"Mediterranean foods" may reduce incidence of aging

According to a recent study, the older the elderly follow food systems inspired by the systems of the Mediterranean countries, the less likely they become with time.

The study team analyzed data on nearly 6,000 older persons who participated in 4 studies, 3 of which were conducted in Mediterranean countries and one in Asia.

“Growing numbers of the world’s population live until the 1980s and beyond, and there is great interest in knowing how to keep people healthy and independent with age,” said lead author Kate Walters of Reuters Health. ”

“Some people who have accumulated health problems with aging may be weakened, which makes them feel symptoms such as lack of energy, muscle weakness, decreased appetite, weight loss and the general feeling that they are getting slower and have difficulty,” said Walters, a researcher at London University College UK. In recovery after disease. ”

This is linked to the possibility of hospitalization or dependence on the care of others. “We have studied ways to prevent this, including diet and exercise.”

There is “much research on exercise, but there is much less research about the role of the diet and its different types, such as the Mediterranean diet,” she said.

Traditional food patterns

The Mediterranean diet relies on traditional food patterns in Greece and southern Italy, including vegetarian foods such as vegetables, legumes and nuts, as well as fish and seafood, Walters and her colleagues wrote in the Journal of the American Society of Gerontology. The main source of fat in this system is olive oil instead of animal fat.

The study re-analyzed data from studies previously published in China, France, Italy and Spain. These studies recorded the participants’ diets according to their commitment to the principles of the Mediterranean food systems.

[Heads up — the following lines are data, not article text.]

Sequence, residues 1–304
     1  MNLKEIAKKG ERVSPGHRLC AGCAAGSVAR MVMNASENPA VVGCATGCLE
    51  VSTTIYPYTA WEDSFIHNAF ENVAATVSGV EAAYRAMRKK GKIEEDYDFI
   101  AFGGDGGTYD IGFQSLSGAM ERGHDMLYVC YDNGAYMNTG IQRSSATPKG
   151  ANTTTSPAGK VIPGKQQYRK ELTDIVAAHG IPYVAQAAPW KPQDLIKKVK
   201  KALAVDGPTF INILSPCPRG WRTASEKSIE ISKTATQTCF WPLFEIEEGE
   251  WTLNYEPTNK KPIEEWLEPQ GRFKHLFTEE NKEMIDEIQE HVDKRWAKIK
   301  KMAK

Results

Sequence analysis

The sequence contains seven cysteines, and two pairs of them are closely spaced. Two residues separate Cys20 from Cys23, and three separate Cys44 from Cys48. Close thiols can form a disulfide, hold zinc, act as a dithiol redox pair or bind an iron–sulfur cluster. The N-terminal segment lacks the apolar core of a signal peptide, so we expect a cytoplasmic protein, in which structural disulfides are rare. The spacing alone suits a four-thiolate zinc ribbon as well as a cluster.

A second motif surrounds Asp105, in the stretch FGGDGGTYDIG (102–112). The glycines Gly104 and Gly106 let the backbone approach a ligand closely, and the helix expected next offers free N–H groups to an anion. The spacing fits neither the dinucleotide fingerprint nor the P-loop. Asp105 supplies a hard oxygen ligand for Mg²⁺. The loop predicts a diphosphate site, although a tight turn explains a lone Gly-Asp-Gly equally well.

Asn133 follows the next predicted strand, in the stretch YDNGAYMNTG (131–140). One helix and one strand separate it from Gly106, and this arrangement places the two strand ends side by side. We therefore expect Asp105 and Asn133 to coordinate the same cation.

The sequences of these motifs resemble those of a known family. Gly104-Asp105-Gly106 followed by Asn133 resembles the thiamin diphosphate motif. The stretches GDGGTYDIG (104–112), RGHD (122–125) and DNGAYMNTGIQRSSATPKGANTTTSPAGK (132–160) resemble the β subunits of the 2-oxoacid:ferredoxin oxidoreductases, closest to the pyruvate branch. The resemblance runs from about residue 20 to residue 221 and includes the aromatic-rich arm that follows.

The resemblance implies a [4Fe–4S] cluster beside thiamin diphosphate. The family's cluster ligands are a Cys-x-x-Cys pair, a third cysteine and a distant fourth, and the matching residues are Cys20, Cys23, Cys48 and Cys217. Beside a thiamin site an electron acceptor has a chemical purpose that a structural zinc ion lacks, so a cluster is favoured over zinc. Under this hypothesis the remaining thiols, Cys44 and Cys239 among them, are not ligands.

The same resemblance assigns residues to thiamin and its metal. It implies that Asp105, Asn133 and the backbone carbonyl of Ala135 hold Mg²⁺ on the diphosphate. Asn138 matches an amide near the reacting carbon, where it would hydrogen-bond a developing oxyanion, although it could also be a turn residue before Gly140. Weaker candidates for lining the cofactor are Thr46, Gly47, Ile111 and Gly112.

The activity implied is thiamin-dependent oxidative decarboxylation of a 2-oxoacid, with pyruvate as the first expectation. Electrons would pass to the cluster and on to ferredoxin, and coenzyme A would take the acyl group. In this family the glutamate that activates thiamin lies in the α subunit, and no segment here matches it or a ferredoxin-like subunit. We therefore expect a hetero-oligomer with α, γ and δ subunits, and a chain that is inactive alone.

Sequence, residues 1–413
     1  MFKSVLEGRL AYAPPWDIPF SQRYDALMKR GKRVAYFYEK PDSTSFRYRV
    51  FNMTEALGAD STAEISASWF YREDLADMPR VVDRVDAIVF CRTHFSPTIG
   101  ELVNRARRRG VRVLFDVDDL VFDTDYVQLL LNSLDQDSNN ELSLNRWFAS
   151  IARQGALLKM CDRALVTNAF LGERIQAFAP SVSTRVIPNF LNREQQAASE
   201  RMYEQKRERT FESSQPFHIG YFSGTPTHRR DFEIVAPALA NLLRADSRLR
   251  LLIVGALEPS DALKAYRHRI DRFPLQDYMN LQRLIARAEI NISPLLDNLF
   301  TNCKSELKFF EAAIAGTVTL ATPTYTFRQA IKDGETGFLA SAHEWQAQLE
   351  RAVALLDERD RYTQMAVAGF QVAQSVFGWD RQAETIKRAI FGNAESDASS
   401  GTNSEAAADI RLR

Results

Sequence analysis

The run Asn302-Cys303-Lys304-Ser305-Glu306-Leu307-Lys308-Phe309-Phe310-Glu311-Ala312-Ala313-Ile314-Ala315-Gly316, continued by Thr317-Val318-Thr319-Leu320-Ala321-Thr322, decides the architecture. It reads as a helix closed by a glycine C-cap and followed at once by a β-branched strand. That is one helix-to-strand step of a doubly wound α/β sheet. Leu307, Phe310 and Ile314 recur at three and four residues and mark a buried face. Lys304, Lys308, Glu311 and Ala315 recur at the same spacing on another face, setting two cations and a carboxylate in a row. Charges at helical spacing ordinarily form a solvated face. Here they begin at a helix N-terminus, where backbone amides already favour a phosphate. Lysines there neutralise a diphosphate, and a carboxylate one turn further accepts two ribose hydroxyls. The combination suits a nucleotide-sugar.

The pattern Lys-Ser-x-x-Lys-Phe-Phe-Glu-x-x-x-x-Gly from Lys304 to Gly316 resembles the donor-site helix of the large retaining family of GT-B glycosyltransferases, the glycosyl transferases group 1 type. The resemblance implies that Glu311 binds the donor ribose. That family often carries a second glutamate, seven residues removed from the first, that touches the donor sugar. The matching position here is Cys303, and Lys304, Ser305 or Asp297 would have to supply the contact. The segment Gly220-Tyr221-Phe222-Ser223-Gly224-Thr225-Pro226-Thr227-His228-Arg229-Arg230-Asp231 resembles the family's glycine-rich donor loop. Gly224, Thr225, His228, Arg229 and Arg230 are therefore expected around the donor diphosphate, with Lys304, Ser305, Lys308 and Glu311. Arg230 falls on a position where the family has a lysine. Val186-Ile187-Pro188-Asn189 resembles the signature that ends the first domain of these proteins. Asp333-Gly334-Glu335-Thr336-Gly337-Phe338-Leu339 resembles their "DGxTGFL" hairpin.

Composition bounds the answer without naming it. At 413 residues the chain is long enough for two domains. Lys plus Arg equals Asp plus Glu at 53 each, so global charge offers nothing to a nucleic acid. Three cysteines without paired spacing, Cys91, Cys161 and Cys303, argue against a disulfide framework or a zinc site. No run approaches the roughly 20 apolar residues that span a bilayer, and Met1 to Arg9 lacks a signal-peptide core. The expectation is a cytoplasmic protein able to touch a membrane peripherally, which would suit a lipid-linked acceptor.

Walters said participants in the studies were in their 70s and 80s on average, suggesting that older people follow these diets may be helpful in maintaining health and self-reliance.

A different view

But Michael Bogajski of the Department of Medicine (Aging) of the New York-based Montefiore Health System, who did not participate in the study, said other factors may be the cause of differences in risk of attenuation among study participants Linked to the person following the diet rather than the system itself.

“For example, olive oil, fish, nuts, fruits and fresh vegetables may be expensive. And those who can afford to buy these foods may also be able to get better health care. ”

He added that they may also have higher education or health knowledge, and are therefore more likely to eat more and exercise, which may reduce their risk of debilitation.

But he added that the results of the study were “interesting” and that there was strong evidence to support Mediterranean food systems to avoid cardiovascular disease.

Sky News


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